Maiden NASA SLS Launch Expected to Slip to Late 2021

The flight maiden NASA SLS launch is likely to slip to late 2021
Image credit: NASA

The maiden launch of the Space Launch System (SLS) is expected to slip to late 2021 according to a top NASA official.

During a meeting of the Lunar Surface Innovation Consortium at the Johns Hopkins University Applied Physics Laboratory, NASA Associate Administrator Steve Jurczyk discussed the progress of the development of the SLS rocket. Jurczyk explained that the agency was currently targeting to launch the maiden flight of the SLS in mid to late 2021.

Although no official confirmation of this new launch date been released, it is expected to be the latest in a long line of delays.

On August 7, 2014, the development of the SLS Block 1 rocket passed a milestone known as Key Decision Point C, the last before the rocket entered full-scale development. With the completion of this milestone, NASA set an initial launch date of November 2018.

Since then, the rocket’s development has been plagued with delays and rumours that despite the delays, the agency continued to pay the primary contract performance bonuses. These rumours culminated in NASA Office of the Inspector General (OIG) report that heavily criticised how the agency was handling the development of the SLS rocket.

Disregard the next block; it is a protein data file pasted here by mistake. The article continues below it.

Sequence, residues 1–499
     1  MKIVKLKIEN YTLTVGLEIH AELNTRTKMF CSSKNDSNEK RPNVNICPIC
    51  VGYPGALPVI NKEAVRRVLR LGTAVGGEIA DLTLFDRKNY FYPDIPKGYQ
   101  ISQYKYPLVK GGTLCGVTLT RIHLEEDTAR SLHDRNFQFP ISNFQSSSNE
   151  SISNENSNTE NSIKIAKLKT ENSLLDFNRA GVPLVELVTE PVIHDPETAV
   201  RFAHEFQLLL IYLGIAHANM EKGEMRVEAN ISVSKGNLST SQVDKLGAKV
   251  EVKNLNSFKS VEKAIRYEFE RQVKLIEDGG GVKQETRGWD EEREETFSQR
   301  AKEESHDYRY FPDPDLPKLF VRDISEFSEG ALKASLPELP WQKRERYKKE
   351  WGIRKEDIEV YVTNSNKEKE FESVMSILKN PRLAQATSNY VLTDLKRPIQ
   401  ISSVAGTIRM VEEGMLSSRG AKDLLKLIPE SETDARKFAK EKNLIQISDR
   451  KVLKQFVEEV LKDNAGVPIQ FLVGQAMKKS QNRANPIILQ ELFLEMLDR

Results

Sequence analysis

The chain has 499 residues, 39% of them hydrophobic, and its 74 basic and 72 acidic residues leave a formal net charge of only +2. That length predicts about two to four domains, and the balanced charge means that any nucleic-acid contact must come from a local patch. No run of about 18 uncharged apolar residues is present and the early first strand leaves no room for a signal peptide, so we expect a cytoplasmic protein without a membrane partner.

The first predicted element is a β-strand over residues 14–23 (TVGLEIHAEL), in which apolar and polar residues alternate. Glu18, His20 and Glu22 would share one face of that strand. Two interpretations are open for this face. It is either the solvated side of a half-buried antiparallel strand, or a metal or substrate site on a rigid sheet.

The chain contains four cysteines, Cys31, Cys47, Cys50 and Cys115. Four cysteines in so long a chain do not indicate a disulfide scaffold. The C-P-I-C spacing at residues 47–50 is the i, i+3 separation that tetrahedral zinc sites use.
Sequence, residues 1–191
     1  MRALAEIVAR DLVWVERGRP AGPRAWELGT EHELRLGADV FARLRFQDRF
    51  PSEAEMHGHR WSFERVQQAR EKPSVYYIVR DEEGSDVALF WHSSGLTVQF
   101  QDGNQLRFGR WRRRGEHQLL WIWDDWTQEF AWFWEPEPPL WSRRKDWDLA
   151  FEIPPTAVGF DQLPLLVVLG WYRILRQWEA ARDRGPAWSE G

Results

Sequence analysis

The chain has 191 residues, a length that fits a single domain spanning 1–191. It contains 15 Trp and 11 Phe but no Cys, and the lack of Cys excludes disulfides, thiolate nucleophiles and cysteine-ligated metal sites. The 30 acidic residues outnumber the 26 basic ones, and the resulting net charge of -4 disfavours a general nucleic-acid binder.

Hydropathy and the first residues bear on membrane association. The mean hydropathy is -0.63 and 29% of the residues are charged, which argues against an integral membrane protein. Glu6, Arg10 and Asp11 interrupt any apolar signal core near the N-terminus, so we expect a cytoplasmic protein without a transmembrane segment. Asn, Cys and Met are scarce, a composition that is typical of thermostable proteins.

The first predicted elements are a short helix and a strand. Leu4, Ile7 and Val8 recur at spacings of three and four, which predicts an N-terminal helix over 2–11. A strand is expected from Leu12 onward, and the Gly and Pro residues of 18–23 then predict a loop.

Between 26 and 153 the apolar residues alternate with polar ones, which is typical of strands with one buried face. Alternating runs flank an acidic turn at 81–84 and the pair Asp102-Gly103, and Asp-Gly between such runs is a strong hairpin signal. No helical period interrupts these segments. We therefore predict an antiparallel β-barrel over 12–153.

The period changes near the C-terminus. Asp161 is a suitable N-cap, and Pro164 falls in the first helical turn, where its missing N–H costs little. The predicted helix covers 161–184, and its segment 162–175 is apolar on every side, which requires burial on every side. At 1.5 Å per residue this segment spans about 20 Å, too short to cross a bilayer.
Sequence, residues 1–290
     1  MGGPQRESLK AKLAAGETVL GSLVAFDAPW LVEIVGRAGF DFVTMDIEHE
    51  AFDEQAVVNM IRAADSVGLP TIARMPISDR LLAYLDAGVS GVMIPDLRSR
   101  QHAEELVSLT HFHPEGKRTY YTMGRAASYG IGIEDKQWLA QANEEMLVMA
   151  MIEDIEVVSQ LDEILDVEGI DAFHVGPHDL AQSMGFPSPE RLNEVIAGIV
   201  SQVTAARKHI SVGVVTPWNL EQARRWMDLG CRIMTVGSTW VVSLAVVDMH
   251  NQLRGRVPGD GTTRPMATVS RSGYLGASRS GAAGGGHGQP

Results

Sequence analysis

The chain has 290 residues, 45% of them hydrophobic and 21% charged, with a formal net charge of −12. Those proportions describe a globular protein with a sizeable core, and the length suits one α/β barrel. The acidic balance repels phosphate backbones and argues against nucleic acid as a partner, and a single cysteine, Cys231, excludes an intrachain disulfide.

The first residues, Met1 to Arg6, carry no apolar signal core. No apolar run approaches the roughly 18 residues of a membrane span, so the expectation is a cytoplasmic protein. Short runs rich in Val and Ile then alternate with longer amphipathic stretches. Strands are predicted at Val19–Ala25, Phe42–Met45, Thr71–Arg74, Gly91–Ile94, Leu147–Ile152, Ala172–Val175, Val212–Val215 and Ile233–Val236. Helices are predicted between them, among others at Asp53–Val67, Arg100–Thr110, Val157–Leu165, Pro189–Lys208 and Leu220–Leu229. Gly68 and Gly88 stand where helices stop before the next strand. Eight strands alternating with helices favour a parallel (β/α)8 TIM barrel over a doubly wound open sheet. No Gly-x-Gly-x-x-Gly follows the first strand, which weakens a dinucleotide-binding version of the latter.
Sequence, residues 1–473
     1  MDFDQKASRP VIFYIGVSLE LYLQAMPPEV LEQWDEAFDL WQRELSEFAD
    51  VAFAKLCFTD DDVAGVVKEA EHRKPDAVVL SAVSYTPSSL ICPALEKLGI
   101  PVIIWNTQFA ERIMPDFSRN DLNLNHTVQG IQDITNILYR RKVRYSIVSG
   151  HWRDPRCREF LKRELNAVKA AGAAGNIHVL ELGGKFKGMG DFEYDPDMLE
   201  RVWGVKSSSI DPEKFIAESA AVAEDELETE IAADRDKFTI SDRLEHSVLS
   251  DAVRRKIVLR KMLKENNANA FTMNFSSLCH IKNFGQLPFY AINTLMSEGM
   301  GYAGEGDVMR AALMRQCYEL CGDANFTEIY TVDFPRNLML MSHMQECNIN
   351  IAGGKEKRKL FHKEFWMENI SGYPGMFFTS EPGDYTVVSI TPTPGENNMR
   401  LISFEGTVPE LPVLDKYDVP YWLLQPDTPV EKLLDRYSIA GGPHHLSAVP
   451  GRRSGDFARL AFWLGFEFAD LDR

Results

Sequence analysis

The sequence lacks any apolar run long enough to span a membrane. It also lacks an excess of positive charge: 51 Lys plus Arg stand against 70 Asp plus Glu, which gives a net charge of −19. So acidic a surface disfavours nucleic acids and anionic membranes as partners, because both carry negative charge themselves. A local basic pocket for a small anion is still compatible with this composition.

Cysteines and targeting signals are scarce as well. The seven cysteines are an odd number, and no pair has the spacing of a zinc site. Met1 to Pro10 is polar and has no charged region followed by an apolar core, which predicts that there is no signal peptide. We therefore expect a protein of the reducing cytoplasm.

Despite years of delays, it is possible that even the revised mid to late 2021 launch date is overly ambitious.

The first SLS core stage that will be used for the maiden launch is currently being prepared to be put through the “Green Run” static-fire test. This series of tests is an exhaustive review of the stage and includes firing the four RS-25 engines.

As this is the first time the any SLS core stage will be put through its passes, it is not unreasonable to expect that any number of issues could arise. If any do, the stage will be sent back for further development, an outcome that could potentially set the maiden launch back even further.

Andrew Parsonson is a space enthusiast and the founder of Rocket Rundown. He has worked as a journalist and blogger for various industries for over 5 years and has a passion for both fictional and real-life space travel. Currently, Andrew is the primary writer for Rocket Rundown as we look to expand our reach and credibility.